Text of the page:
Tuesday, December 9, 2008

Terra Nova Critique of Stimulus Package

Terra Nova, the left-leaning think tank, has published a short critique of Sarkozy's stimulus package. It revises the amount of short-term stimulus downward by about half and deplores the lack of effort to stimulate consumption directly, primarily by support of low-income households. It answers the objection that consumption stimulus will go primarily to imports and do nothing for employment at home by arguing that, unlike in 1981, France will not be the only country attempting to stimulate demand. This part of the argument is incomplete, to say the least. Nevertheless, the document is worth perusing, because its talking points will no doubt be taken up by the opposition.

New Progressive Space

Splintering? Crumbling? What is the right word for what's happening to the French Left? It isn't enough that the PS is split down the middle. It isn't enough that Besancenot's Trotskyists must now share their niche with Mélenchon's French version of Die Linke. Now Robert Hue, who as previously reported here, has quit the Communist Party he once led, is creating his own Nouvel Espace Progressiste. This is the "Field of Dreams" theory of politics: if you build it, they will come. As de Gaulle once remarked à propos of something or other, "Quelle mascarade!"

Yade Is Out

Libé is reporting that Rama Yade has been "excluded" from consideration to replace J.-P. Jouyet as secretary of state for European Affairs. Bruno Lemaire is now the favorite for the post. Apparently, Sarkozy was mightily displeased by Yade's refusal to head the UMP Ile-de-France ticket in upcoming European parliamentary elections. Once an ornament constantly at Sarkozy's side despite her junior position in the cabinet, Yade now bids fair to be banished from proximity to the prince. Life at court is full of such vicissitudes. The young aspirant can now spend her time reading the Memoirs of Saint-Simon.

Books by the Seine

Those bouquinistes who sell their wares from bins along the Seine in Paris are in trouble. Buyers of old books have gone on-line (guilty as charged, your honor!), and tourists don't read. But what really caught my eye in this article was the regulation of the Seine-side book trade:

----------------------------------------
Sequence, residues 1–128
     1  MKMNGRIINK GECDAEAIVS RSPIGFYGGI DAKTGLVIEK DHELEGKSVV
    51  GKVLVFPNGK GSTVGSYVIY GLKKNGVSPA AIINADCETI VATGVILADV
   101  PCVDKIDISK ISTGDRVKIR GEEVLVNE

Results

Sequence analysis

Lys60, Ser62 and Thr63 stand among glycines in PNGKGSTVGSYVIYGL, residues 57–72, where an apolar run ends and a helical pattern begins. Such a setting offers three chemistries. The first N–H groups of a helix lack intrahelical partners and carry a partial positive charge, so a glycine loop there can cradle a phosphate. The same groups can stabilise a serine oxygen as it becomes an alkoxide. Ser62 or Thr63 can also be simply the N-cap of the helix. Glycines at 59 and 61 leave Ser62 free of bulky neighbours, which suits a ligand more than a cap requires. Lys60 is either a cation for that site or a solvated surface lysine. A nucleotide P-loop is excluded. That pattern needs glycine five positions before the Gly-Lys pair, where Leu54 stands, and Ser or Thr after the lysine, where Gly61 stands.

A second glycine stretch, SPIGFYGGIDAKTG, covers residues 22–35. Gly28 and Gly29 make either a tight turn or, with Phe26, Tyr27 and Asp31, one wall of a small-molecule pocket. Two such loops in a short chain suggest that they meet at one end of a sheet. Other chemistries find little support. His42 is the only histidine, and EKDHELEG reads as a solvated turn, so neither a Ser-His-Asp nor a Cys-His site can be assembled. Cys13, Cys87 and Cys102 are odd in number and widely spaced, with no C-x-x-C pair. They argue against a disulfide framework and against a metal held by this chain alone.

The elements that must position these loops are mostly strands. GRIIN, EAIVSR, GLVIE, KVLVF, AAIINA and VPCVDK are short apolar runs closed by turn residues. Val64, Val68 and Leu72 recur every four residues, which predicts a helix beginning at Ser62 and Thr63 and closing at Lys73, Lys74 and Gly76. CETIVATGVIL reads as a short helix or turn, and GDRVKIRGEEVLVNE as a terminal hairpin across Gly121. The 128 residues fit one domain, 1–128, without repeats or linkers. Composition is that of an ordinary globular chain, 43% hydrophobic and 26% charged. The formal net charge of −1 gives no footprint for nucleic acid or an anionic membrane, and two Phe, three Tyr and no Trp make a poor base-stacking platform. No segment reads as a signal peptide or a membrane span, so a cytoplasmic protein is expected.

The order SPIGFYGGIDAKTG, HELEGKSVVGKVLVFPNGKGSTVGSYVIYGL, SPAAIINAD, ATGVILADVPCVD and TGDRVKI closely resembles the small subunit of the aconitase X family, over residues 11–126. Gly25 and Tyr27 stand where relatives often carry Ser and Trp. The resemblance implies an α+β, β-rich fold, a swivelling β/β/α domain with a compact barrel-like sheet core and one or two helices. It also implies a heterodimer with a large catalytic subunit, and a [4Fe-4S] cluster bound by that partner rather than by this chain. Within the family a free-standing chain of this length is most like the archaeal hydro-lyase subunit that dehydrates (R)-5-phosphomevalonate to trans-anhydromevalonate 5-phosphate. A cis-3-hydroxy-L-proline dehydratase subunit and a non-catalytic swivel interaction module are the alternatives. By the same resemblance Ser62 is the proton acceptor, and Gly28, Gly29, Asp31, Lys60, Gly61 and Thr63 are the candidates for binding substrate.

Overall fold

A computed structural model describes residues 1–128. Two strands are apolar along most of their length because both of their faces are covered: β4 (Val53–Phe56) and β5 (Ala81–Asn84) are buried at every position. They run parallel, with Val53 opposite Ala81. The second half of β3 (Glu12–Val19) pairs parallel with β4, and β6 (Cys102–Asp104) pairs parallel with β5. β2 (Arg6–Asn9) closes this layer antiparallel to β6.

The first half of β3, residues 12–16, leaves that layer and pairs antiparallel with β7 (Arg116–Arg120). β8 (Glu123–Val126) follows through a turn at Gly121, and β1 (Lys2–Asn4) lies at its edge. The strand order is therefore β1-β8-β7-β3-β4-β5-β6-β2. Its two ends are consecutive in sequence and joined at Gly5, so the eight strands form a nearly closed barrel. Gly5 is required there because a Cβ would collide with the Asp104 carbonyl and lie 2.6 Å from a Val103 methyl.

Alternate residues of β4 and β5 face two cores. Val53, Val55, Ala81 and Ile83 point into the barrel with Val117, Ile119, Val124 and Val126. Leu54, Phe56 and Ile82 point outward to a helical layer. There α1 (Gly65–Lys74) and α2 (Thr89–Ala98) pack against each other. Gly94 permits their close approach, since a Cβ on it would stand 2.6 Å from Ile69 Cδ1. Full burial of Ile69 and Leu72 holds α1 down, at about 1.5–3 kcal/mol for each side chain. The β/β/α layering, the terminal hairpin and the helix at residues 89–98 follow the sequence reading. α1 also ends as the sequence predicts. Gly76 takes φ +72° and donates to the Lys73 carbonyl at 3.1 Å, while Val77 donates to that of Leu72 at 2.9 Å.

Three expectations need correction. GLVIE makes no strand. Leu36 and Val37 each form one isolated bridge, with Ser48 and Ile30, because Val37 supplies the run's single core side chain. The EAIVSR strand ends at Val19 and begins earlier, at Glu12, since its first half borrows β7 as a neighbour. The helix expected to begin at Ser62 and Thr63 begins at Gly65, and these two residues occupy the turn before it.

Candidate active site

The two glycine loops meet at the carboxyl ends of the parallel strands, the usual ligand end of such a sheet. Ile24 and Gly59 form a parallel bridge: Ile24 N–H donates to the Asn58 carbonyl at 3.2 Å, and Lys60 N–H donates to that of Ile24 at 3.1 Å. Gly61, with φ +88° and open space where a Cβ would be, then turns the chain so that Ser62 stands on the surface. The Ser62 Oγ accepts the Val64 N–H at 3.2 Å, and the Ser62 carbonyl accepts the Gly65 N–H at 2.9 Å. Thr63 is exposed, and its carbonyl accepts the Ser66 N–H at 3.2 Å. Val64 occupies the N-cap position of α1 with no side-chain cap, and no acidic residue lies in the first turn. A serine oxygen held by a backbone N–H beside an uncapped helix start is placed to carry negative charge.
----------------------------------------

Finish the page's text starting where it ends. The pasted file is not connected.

The trade is strictly regulated. Each bouquiniste is allowed four boxes painted dark green: three must contain books, the fourth can sell items such as prints, collectors' postcards, stamps and souvenirs.

How very French! The boxes must be painted dark green! Positively medieval. (h/t Maîtresse).

The Golden Bowl

Sarkozy met yesterday with Gordon Brown and José Manuel Barroso. The French president reportedly finds it easier to work with Brown than with Angela Merkel, whose response to the crisis baffles her allies. Brown shares Sarko's urgency, although the two men's instincts are quite different:

The prime minister's response excludes an anti-capitalist "corralling of the Anglo-Saxon Wild West."

"What Sarkozy doesn't really seem to get," this British account says, "is that we're not for tearing up the system and shooting all the people in the hedge funds. We're not going to destroy vitality and energy. We want to regulate the system better, not destroy it."

Although John Vinocur, who wants to portray the French-British couple as a "marriage of convenience," puts little stress on this difference, it is bound to loom large in the not-too-distant future. It's not just different attitudes toward regualtion of the financial sector that are at issue. France and the UK may both be capitalist economies, but the very culture of capitalism is quite different on the two sides of the channel. France is comfortable with national champions, a high-degree of state influence, and a cozy partnership (think pantouflage) between government and even those businesses in which the state does not participate formally. Sarkozy was not out to change that culture even before the crisis. His aim was rather to weaken the implicit guarantees to labor that went along with state capitalism, so that the state and its partners could "rationalize" the management of their work force. Paradoxically, the crisis, by weakening labor's bargaining position still further, may assist in this restructuring.

Gordon Brown's challenge is quite different. Britain's economic situation may be worse even than that of the United States and at this point is certainly worse than that of France. According to the Lehrer Report, one in five British jobs were tied to the City. The collapse of the financial sector is therefore not merely a precipitant of trouble in the real economy, because it is hard to distinguish in Britain between a Wall Street and a Main Street. Too many people are dependent on incomes from the rapidly shrinking financial sector. Sarkozy will be only too glad to see the City reduced to a shadow of its former self, not least because he hopes that some of its brokerage activities will be repatriated. What he wants to regulate out of existence, Gordon Brown wants to regulate in order to perpetuate.

There is a structural flaw in this marriage. I would like to work this into an extended metaphor by analogy with Henry James' Golden Bowl, in which a continental charmer and a naive anglophone are united in doomed matrimony symbolized by a cracked golden vessel. It doesn't quite flow naturally, however, as James' heroine is an American. But if Brown and Sarkozy are supposed to represent Europe with Barroso in the role of Charlotte (or is it Adam Verver?), there is a flawed vessel at the heart of this tale.